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So we finally have git set up but I'm really confused how to handle multiple people merging.

I have a branch, test, that I merged a feature in to earlier today. The other developer has now merged his new feature into test, and in the process - since his new feature was branched off before I merged mine in - it deleted the files that mine added.

1) How do we get around this?

2) How can I force git to not remove or overwrite files without asking?

Edit: Corollary: When should we pull, and I guess when we pull (I'm guessing before a merge?) we should merge the pulled copy into the branched feature?

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2 Answers 2

up vote 2 down vote accepted

There's something very very wrong there. Files do not just get deleted from a branch, Git will always tell you if there are conflicts and that happens by default. If they were committed correctly they will still be recoverable.

You need to make sure the other developer knows what he's doing when he's performing a merge. If things are exactly like you describe, it sounds like he put considerable effort into merging his feature at the cost of not having to deal with a merge correctly, meaning he chose to remove your earlier changes.

When you pull Git merges automatically and warns of any merge conflicts. If you want to avoid merging automatically, perform a git fetch and then rebase your branch.

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Neither of us really know what we're doing. :) The way I understand it... 1) We have the test branch. 2) I made a branch off it. 3) He made a branch off it. 4) I merged mine in. 5) He pulled. 6) He merged his in; this deleted the new files that were pulled. Was some of this done out of order? should he have pulled into his new branch as well? –  Andrew Nov 3 '11 at 22:09
That workflow sounds fine. However the result of that workflow being that the files were deleted is impossible unless someone chose to do it. Sounds like you need to do more reading about Git :) –  sciritai Nov 3 '11 at 22:13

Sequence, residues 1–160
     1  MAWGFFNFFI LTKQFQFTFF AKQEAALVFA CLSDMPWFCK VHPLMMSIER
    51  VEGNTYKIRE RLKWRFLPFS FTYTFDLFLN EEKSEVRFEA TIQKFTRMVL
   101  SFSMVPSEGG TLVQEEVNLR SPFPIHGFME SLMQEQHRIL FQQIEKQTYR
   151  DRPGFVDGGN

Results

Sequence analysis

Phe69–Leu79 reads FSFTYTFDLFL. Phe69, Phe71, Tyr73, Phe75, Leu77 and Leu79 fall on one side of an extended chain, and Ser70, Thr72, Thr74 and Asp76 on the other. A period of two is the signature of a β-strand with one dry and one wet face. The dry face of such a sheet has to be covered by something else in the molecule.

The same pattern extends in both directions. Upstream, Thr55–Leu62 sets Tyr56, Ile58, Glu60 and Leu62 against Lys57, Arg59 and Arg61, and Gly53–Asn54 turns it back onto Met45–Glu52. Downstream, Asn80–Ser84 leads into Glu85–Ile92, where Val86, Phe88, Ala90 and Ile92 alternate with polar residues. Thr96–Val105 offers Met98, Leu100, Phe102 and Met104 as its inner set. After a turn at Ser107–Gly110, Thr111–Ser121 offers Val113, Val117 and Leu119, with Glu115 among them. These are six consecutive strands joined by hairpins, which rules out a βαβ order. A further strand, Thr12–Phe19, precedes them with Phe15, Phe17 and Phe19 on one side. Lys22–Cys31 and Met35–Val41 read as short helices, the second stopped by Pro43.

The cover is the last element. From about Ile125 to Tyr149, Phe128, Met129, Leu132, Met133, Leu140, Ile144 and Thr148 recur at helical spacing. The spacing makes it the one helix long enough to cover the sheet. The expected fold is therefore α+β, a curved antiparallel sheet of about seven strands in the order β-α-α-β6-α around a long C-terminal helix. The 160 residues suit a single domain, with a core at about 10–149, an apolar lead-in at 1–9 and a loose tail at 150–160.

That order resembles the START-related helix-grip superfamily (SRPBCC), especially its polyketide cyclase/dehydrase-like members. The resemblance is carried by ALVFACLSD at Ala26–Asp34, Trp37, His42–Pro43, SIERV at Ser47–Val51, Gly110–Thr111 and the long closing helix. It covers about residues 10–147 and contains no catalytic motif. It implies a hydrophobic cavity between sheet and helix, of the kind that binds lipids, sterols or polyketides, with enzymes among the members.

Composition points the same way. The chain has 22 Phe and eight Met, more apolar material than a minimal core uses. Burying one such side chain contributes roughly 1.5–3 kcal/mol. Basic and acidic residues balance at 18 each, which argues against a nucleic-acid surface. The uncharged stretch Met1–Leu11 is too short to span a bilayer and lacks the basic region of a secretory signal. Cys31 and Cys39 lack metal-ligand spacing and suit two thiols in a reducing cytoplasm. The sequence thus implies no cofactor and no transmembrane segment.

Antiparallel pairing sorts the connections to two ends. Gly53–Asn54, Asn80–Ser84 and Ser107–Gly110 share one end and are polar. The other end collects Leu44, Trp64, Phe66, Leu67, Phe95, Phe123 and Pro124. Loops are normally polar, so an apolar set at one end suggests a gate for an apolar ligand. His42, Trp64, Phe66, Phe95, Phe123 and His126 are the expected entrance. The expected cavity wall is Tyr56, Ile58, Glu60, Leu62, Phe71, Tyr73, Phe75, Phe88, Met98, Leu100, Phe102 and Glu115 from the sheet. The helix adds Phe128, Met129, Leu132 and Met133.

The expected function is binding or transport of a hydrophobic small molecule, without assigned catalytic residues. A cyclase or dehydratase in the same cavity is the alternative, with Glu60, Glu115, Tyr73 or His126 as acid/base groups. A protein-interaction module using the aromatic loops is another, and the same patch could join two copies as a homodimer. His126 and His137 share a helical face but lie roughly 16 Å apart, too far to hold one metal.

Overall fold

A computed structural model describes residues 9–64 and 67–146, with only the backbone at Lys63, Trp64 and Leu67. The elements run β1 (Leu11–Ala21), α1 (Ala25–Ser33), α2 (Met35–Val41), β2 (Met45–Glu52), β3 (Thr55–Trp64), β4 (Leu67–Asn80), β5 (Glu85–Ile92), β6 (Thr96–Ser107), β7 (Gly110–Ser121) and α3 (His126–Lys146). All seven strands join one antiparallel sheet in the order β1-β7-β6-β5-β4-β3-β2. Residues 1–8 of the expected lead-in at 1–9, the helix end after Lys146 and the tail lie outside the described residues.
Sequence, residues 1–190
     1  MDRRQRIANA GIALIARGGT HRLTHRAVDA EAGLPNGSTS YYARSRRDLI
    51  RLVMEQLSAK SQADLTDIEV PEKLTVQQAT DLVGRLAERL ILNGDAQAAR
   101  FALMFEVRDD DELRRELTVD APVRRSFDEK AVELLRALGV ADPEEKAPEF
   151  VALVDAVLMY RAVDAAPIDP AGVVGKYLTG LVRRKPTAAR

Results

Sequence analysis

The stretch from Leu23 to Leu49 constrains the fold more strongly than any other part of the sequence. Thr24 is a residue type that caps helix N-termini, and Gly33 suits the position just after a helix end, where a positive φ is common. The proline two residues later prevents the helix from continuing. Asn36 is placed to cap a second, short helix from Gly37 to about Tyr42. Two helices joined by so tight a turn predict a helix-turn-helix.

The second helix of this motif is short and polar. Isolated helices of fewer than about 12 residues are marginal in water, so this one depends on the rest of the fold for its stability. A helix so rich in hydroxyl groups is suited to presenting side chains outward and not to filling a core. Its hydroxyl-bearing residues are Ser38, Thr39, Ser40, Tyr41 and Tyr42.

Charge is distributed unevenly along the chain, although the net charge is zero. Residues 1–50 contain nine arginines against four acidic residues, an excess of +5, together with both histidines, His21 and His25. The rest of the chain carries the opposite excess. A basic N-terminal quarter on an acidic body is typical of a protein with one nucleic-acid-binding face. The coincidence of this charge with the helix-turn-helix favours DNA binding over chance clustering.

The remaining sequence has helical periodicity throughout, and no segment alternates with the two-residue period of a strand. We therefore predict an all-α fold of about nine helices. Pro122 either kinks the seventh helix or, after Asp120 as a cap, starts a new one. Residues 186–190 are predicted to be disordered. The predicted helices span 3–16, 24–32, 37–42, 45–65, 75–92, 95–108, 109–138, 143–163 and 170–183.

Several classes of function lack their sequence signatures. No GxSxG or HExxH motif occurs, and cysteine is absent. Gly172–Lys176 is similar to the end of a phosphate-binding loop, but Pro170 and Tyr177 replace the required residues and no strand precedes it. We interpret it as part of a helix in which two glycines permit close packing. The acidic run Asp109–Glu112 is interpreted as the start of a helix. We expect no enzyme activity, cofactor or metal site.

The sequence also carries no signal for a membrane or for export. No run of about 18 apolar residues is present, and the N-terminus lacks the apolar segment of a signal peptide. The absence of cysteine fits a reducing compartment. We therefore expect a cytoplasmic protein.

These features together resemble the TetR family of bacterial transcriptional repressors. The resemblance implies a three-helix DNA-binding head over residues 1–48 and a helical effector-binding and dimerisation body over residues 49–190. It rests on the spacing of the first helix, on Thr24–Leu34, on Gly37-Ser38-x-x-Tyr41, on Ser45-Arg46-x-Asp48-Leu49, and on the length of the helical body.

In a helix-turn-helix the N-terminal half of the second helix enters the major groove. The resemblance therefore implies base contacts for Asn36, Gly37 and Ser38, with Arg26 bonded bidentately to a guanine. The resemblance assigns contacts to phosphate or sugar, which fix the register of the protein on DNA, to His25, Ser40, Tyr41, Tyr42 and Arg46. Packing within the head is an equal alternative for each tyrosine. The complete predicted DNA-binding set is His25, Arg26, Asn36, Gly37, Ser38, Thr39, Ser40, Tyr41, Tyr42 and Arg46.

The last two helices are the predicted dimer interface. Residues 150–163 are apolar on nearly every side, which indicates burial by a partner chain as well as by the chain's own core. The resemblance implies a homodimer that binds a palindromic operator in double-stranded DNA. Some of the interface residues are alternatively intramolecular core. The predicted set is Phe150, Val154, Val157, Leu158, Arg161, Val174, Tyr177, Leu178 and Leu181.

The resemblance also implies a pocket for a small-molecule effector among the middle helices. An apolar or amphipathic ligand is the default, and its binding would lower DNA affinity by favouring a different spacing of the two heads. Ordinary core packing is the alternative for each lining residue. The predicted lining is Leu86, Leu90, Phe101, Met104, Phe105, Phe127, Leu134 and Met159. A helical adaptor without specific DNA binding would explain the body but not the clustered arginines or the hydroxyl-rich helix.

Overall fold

Agreed. The workflow seems fine. It sounds like your coworker manually screwed up his merge. –  Novelocrat Nov 3 '11 at 23:45

Consider the following timeline (sequence of events):

  1. Oct 1 - test is created and pushed to the shared repository. We'll refer to it as origin/test
  2. Oct 2 - You pull the test branch to your local repository
  3. Oct 2 - Developer-2 pulls the test branch to *his* local repository
  4. Oct 4 - You merge (or simply push) your changes in the test branch to origin/test. This should be smooth sailing. I am keeping it simple here assuming that no one else has made any changes to test in the interim
  5. Oct 6 - Developer-2 attempts to push his code changes to origin/test

Right at step-5, Git will complain. Why? Because the state of origin/test has changed since developer-2 pulled from it. Developer-2 must

  1. pull from the shared repository. In so doing he will probably encounter merge conflicts if you and developer-2 were working in the same area of the code base
  2. Developer-2 must resolve any conflicts locally
  3. push his changes to shared repository

The only way developer-2 could clobber your changes in the shared repository is if he used the --force flag when pushing his changes without first pulling.

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Well maybe I'm misreading the messages then; when he merged it said, among other things, "Removing [file]". Is this simply something that should be resolved in the merging process? –  Andrew Nov 4 '11 at 13:34
This is impossible to diagnose without having the full context. Like I said, Developer-2 must do a pull before doing a push. Part of the pull operation is to do a merge. What is merging? The remote copy of the branch named test and his local copy of the branch named test. –  Sri Sankaran Nov 4 '11 at 15:33
It seems like this was a hiccup caused by us shoehorning in our existing development environment into our new git system. Some skillful merging and everything now seems hunky dory. Sorry for confusing people and causing y'all to try to figure out the solution to our problem! :( –  Andrew Nov 4 '11 at 19:52

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